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Record for Artemis-Team Endeavour

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The Crew of Artemis-Team Endeavour celebrating the record at the end of the Sevenstar Round Britain and Ireland Race - photo RORC/Patrick Eden

Day Seven: AM Update

Artemis-Team Endeavour, skippered by Brian Thompson, crossed the finish line of the 2014 Sevenstar Round Britain and Ireland Race off the Royal Yacht Squadron, Cowes at 23.00.54 BST on Saturday 16th August 2014 with an elapsed time of 5 days, 14 hours, 00 minutes and 54 seconds, setting a new World Record for Monohulls 60 feet and less (subject to ratification by the WSSRC).

Artemis-Team Endeavour had enjoyed an epic battle with Andrew Budgen and Fred Schwyn's Volvo 70, Monster Project for IRC Line Honours and the Canting Keel Class. Artemis-Team Endeavour crossed the line just over an hour and 20 minutes ahead of Monster Project to win the class on corrected time and set the benchmark for the IRC fleet to try and better.

"It feels good to break the record," smiled Brian Thompson, just after the finish. "We had a great crew, great boat and good competition the whole way round. I have broken records before, but it is often solo and not in a race, so it was great to have so many boats on the start line and to sail with a fantastic bunch of people. Monster Project gave us a great battle the whole way around the course and so it was more than just about breaking a record; it was a tremendous race.

"The stand out leg for us was after St.Kilda. We put the spinnaker up for the first time and we were sailing hot angles, surfing down waves. We had lots of good drivers on board so we kept the boat flying along all the time. That was the key; keep changing drivers, keep trimming and we kept rumbling along. We had come from the cold wet North Sea into fantastic weather with blue sky speeding along downwind and we were loving it."

At 0930, Jens Kellinghusen's German Ker 51, Varuna was just off St. Catherine's Point 30 miles from the finish and is expected to take the overall lead under IRC for the Sevenstar Round Britain and Ireland Race. A full report will follow this afternoon.

Last night the fleet of seven yachts still racing north of the Scottish mainland experienced big seas and occasional gale force winds. Jankees Lampe's Open 40, La Promesse has made it safely to Stornaway having suspended racing for sail repairs. The brutal weather conditions are expected to ease once the fleet pass Blackrock to the north west of Ireland. At 0930 BST, Katrin Hilbert's Hapsa Hamburg was past Blackrock. Carol Smolawa's Bank von Bremen and Roderick Knowles' Swish were approaching Blackrock and heading towards easier conditions.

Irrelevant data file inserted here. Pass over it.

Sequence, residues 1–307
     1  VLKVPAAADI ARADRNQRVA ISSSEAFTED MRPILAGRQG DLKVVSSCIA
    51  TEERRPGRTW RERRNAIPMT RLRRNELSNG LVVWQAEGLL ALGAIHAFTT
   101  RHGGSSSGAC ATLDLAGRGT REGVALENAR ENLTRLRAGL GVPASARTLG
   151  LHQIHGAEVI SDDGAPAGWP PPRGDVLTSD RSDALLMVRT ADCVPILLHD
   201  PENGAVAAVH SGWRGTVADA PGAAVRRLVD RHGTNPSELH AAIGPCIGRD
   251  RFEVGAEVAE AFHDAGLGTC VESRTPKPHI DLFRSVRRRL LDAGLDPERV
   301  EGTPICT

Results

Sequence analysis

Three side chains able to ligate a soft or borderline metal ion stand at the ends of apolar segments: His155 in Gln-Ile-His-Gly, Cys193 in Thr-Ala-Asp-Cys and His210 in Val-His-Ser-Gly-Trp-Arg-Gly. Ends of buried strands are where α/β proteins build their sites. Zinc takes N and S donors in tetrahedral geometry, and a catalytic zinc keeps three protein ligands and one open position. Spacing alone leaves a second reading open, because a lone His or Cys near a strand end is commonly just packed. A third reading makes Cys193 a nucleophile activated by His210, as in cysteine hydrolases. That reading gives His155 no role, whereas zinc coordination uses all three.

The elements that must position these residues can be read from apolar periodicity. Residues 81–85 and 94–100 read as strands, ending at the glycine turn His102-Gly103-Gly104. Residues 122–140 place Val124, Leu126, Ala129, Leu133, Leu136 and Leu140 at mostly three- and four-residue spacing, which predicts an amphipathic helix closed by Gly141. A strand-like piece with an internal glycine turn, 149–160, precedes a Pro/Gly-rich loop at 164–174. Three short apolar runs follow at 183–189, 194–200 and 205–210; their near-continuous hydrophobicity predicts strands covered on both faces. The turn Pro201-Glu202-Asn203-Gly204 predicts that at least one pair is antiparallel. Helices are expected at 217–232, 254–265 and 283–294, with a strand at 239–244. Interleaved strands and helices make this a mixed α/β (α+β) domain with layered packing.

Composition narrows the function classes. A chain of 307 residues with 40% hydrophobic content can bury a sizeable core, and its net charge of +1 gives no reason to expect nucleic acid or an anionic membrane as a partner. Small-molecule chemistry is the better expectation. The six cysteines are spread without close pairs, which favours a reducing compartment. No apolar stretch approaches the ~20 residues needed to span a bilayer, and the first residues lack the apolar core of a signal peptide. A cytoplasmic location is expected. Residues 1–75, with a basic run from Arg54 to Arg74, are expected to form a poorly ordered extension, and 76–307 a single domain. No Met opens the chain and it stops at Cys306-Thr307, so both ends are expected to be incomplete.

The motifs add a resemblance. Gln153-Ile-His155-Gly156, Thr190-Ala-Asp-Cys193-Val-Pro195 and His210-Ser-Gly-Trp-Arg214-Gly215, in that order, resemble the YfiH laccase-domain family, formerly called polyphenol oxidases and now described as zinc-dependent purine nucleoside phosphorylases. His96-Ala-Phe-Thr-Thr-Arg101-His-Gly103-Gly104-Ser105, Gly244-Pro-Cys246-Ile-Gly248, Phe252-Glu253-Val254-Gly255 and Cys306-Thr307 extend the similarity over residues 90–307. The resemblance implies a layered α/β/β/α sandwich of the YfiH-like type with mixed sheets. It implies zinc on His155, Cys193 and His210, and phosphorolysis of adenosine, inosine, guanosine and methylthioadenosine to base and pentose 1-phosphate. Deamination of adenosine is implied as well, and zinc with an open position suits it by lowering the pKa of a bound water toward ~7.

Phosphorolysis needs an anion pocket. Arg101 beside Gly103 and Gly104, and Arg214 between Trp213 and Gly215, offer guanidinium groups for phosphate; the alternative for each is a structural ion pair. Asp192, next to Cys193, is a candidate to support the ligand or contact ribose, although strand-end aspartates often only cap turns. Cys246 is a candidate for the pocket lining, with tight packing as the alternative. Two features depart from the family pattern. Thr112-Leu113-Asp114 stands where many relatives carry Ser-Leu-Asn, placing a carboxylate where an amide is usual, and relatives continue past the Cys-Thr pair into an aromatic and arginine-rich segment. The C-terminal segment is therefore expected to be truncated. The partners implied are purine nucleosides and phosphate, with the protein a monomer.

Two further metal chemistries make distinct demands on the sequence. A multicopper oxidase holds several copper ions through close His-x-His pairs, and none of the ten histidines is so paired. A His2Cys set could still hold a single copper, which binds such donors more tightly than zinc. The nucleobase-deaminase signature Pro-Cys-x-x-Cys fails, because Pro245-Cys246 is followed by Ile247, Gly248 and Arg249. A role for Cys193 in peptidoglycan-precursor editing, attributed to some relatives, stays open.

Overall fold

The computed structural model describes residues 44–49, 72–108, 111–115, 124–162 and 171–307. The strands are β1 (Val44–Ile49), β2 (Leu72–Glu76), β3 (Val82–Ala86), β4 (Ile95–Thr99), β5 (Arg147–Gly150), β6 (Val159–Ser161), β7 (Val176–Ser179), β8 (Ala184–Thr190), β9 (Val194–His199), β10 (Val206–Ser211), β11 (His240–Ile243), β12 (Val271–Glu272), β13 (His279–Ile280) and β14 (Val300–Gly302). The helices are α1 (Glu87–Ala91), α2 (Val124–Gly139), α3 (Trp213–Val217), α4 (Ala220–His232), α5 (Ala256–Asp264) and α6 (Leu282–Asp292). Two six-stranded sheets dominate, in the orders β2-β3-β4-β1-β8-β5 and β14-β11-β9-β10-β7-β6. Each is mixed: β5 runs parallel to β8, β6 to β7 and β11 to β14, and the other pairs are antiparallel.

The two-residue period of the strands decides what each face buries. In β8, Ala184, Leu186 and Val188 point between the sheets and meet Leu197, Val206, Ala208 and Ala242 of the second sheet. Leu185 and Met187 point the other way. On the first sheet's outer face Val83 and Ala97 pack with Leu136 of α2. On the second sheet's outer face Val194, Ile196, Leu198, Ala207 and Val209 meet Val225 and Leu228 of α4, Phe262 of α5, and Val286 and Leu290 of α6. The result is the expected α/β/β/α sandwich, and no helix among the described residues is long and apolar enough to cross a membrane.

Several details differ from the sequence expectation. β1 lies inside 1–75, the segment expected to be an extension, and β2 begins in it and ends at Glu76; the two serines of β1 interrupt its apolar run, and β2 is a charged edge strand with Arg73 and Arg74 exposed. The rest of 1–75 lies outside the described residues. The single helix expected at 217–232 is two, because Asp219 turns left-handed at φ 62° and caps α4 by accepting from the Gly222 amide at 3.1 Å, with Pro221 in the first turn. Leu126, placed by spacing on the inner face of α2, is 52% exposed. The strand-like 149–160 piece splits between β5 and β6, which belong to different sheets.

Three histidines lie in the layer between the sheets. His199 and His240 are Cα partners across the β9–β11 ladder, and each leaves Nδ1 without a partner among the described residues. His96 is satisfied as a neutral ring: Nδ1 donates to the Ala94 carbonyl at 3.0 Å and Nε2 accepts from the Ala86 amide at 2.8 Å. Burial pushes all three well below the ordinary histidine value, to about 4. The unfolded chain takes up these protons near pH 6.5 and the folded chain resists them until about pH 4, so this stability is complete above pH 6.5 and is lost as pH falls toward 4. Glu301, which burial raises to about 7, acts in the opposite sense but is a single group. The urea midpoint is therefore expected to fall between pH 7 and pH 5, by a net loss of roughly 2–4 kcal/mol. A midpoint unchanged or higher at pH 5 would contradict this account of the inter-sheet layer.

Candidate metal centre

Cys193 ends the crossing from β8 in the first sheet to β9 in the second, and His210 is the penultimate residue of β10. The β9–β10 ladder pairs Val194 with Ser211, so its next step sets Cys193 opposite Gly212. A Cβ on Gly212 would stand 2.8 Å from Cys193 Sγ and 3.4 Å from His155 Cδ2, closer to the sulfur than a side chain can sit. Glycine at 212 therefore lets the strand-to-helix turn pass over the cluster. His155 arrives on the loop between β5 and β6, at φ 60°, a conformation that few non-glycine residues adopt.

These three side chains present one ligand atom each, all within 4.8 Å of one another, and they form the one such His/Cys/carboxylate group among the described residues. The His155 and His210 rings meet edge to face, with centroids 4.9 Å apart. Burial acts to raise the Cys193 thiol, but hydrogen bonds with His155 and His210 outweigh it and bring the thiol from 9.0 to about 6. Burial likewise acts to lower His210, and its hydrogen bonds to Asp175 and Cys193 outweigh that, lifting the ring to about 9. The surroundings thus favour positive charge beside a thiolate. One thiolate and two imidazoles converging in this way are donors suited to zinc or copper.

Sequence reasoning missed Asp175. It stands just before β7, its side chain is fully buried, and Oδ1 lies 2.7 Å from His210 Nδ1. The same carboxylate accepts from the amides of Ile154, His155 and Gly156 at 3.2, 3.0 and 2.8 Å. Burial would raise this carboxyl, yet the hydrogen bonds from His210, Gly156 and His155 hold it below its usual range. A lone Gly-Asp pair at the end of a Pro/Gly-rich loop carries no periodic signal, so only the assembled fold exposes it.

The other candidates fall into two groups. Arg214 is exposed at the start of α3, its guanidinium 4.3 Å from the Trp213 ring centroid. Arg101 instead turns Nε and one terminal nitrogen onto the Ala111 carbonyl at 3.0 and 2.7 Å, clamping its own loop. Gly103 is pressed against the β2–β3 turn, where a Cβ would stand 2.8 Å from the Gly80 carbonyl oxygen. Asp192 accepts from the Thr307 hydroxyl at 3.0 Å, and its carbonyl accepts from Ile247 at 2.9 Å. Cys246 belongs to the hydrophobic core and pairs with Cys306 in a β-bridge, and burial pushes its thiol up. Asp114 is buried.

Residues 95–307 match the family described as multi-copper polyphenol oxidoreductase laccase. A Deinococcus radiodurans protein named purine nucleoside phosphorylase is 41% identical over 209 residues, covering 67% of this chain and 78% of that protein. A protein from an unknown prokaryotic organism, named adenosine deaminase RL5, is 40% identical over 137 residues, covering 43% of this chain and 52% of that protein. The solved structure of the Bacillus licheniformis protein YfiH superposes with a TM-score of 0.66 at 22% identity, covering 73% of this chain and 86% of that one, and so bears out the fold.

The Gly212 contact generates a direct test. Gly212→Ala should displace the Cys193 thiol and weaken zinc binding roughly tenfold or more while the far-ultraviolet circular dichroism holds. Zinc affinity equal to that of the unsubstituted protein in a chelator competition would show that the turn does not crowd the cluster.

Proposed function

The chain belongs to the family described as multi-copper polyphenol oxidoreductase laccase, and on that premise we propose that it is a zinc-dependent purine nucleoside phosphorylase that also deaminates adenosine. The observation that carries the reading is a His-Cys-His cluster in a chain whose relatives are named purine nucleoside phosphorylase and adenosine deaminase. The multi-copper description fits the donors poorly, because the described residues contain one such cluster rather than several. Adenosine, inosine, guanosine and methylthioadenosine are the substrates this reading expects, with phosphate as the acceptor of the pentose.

At 0930 BST, Roderick Knowles' Class40 Swish was 580 miles from the finish on the west coast of Ireland approaching Blackrock. The British Class 40 is currently well inside the world record for yachts of 40 feet or less.

Ian Hoddle, racing Two Handed with Conrad Manning in his Figaro II, Rare, contacted the RORC Media team this morning at 0900 BST as the duo were just north of the Isle of Lewis:

"It's been a wild night with big seas, but we managed to overtake two boats since yesterday because we were literally flying!" commented Conrad Manning. "We don't know what the wind speed was last night as our windex broke off two days ago, but I would estimate 50+ was the highest gust. Currently looking for the food bag. When I find it, it will be Mexican Tuna Pasta for lunch then most likely curry for dinner. Ian is at the helm taming us to safety. Everything is soaked through except for one dry jumper and half a sleeping bag. I am typing this with one boot off trying to dry the inside of it. Both of us are doing well and tiredness has not set in yet."Ian Hoddle's Rare at the start of the Sevenstar Round Britain and Ireland Race - photo RORC/Rick Tomlinson

Ifan James, skipper of Stimson 42, Palpatine phoned in last night. "We have experienced 45 knots of wind and 10 metre waves. The sea state in particular is taking its toll on the crew. Now we have the advantage of daylight we are going to head for some shelter (probably inside the Hebrides), but at this point, we are still in the race."

Liam Coyne and Brian Flahive racing the First 36.7, Lula Belle Two-Handed will have had a rough night too, but this morning the Irish duo are heading towards Ireland and now have less than 1,000 miles to the finish. Werner Landwehr's Figaro II, Dessert D'Alcyone, also at the top of the course, rounded Out Stack yesterday, at approximately 1200 BST.